Game-Changer IoT
Internet of Things

Viva la revolución? The IoT requires a new mindset

The Internet of Things is changing the business world. To keep up, companies have to rethink their strategies and transform: from vendor to service provider.

The Internet of Things will be the largest transformational force in the coming years. Entirely new business models are needed to stay ahead of the competition.

IoT: a short abbreviation with a huge impact. With many opportunities for resourceful companies – but major challenges as well. Technical possibilities and customer expectations are changing at ever higher speeds. Startups are revolutionizing the business world with their novel, digital business models. A recent study by the Global Center for Digital Business Transformation (DBT), for example, predicts that digital transformation will drive four in ten established companies from the market within the next five years. Yet not many businesses seem disturbed by it: 43 percent said they don't see any risk or have not even thought about it. And only 25 percent are tackling digitization proactively.

Standing still means falling back

This is a serious mistake. Companies that turn a blind eye to the changes that the digital transformation will inevitably bring won't just miss an opportunity for growth – they put their existence at risk in the medium term. New market players and innovative traditional companies that are already engaging with the Internet of Things are generating enormous pressure. Past success is no guarantee that things will remain as they are. Wait-and-see is not an option; companies need a digital strategy to take advantage of the opportunities that the Internet of Things is creating.

Welcome to the age of the customer

This does not just apply to the implementation of new digital technologies, either. The relationship between companies and their customers will change even more dramatically. Customers no longer simply want new products. Instead, they are looking for an uncomplicated, end-to-end service experience. The connected features of the IoT helps users access all kinds of information in real time, which also affects their demands of their service providers: flexible, custom, situational solutions around the clock. Loyalty to established providers and traditional usage models is declining at an equal pace.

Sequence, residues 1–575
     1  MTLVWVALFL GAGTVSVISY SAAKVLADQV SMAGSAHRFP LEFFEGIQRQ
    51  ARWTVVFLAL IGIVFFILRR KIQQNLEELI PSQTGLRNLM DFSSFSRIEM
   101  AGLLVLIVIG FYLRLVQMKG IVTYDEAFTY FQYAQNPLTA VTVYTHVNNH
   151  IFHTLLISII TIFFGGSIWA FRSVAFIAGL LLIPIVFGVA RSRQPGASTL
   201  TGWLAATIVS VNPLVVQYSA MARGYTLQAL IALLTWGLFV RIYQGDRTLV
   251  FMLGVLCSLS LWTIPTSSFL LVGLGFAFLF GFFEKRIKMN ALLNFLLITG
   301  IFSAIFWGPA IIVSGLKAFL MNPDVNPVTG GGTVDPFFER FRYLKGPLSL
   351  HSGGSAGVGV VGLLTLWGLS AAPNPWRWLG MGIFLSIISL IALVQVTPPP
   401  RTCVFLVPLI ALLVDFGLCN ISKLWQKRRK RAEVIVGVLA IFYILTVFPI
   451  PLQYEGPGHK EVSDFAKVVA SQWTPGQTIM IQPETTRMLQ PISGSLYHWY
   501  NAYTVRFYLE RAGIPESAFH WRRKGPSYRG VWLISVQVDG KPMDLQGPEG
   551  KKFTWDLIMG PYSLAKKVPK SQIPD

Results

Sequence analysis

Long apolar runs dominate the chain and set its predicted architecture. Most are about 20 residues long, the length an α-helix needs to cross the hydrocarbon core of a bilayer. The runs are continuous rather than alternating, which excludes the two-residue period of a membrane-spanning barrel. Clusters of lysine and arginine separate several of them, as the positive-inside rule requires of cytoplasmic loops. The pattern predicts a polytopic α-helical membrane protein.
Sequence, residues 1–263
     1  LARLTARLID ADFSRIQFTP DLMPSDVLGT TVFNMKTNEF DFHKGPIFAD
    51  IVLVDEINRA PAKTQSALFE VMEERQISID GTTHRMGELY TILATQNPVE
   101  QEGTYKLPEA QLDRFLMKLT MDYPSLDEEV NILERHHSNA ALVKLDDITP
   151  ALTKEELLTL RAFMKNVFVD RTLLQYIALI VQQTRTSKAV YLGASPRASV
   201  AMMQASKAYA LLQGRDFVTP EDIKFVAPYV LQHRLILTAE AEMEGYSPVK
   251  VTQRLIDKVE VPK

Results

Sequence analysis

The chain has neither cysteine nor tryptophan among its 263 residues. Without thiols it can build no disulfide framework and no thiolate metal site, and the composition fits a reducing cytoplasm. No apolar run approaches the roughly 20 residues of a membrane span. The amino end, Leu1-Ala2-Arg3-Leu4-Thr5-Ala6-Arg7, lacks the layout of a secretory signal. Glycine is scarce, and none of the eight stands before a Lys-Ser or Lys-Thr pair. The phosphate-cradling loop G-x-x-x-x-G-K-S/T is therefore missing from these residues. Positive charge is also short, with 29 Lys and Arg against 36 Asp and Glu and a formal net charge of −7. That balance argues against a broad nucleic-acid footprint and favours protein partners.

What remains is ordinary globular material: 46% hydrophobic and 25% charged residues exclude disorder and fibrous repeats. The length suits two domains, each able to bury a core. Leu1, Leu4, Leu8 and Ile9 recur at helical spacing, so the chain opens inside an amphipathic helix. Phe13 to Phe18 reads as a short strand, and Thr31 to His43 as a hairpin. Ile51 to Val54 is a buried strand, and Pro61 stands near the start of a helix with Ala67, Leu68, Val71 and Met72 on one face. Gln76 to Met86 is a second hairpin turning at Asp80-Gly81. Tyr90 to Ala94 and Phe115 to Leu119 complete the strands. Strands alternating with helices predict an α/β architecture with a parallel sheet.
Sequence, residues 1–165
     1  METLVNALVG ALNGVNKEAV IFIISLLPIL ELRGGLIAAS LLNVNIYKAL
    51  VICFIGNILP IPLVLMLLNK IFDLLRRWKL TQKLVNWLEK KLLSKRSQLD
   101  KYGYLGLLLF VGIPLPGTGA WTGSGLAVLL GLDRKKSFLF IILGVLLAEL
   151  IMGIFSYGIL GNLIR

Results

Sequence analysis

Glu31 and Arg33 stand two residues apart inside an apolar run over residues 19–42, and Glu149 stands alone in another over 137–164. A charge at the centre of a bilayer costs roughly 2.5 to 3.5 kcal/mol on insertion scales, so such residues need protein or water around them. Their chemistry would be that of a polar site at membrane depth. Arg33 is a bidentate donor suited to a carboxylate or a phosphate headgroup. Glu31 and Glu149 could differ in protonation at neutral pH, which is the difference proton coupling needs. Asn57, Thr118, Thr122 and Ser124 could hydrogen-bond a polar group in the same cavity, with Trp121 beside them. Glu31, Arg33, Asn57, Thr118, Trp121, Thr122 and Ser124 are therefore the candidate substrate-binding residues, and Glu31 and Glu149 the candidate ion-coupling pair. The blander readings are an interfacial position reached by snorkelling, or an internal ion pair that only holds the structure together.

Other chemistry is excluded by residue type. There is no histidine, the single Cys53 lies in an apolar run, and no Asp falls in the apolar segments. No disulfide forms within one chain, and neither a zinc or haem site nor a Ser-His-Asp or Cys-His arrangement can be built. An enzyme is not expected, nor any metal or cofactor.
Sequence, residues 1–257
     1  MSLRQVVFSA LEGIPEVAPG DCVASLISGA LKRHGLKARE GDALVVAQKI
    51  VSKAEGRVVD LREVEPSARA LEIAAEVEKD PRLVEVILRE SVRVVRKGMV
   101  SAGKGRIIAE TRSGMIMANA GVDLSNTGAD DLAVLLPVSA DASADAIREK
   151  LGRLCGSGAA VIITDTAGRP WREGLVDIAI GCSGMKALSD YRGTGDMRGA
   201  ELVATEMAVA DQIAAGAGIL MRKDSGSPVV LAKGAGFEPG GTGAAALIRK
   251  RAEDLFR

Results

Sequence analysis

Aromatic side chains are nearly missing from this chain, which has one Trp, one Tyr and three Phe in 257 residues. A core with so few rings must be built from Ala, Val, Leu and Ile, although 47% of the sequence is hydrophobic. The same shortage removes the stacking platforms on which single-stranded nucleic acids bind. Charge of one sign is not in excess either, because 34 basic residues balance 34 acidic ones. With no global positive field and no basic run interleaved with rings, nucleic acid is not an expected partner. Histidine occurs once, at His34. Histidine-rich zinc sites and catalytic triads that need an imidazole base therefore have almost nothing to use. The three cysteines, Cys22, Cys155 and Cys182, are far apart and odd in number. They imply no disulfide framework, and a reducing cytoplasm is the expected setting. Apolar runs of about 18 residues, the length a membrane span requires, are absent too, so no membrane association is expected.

Achieving success in the age of the IoT means more than just being technically innovative. A cultural transformation is needed – away from linear sales processes where the relationship ends when the cash drawer closes. The "age of the customer" has been declared, in which companies must focus on service, not products.
Why? Because customers can compare better and easier than ever before. Companies which offer products and services have good chances, for example, if they can upgrade products with IoT technology that are otherwise largely identical. This kind of service-centric approach requires greater knowledge of the target audience, however. What needs do they have? How can they be met? And how can companies achieve critical mass in market penetration? Winning the IoT revolution will only be possible with a comprehensive, user-centric service concept.

Adapt business models logically

In a recent IoT study, the analysts at Machina Research found that the most innovative companies are adapting to the Internet of Things with a full transformation: from product vendor to service provider. A prerequisite for this is the establishment of a service mentality in every department – from sales and marketing to product development. This is where the profits will be made in the age of the internet: with technology as a precursor to a shift in thinking.
As a result, the structures and borders in entire industries are in a state of flux. Where manufacturers, distribution partners and service providers used to be clearly separated, everything now comes from a single source. Machine tool and equipment manufacturers sell IoT-connected products, including remote and preventive maintenance, sometimes in collaboration with reliable IT partners. As a result, they are in constant contact with their customers throughout the useful life of their product. The result: dependency on distributors is reduced, customer loyalty is increased and manufacturers gain additional, useful information – both about their customers and about the long-term usage behavior of their products under real conditions.

The challenge of big data

Turning all this information into valuable knowledge for product adjustment and development requires the real-time analysis of large, unstructured datasets (big data). Many companies lack expertise in this area. Moreover, the collected data has to be processed and saved according to data privacy and data security laws, which are highly specific and strict in Germany in particular. Companies that want to play it safe here should turn into professional service providers.

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